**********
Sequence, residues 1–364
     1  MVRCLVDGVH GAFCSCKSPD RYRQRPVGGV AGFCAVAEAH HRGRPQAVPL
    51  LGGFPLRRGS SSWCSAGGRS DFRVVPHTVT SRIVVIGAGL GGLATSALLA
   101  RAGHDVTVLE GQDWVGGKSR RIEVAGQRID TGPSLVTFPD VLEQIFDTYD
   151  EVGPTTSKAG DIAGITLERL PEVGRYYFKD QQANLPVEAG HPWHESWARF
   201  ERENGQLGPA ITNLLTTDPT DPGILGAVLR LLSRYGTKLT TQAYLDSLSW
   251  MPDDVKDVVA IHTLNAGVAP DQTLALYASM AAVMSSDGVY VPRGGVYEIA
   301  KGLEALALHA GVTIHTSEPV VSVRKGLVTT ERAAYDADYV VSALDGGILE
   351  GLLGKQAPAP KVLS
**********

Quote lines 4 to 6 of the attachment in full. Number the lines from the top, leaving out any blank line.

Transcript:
   101  RAGHDVTVLE GQDWVGGKSR RIEVAGQRID TGPSLVTFPD VLEQIFDTYD
   151  EVGPTTSKAG DIAGITLERL PEVGRYYFKD QQANLPVEAG HPWHESWARF
   201  ERENGQLGPA ITNLLTTDPT DPGILGAVLR LLSRYGTKLT TQAYLDSLSW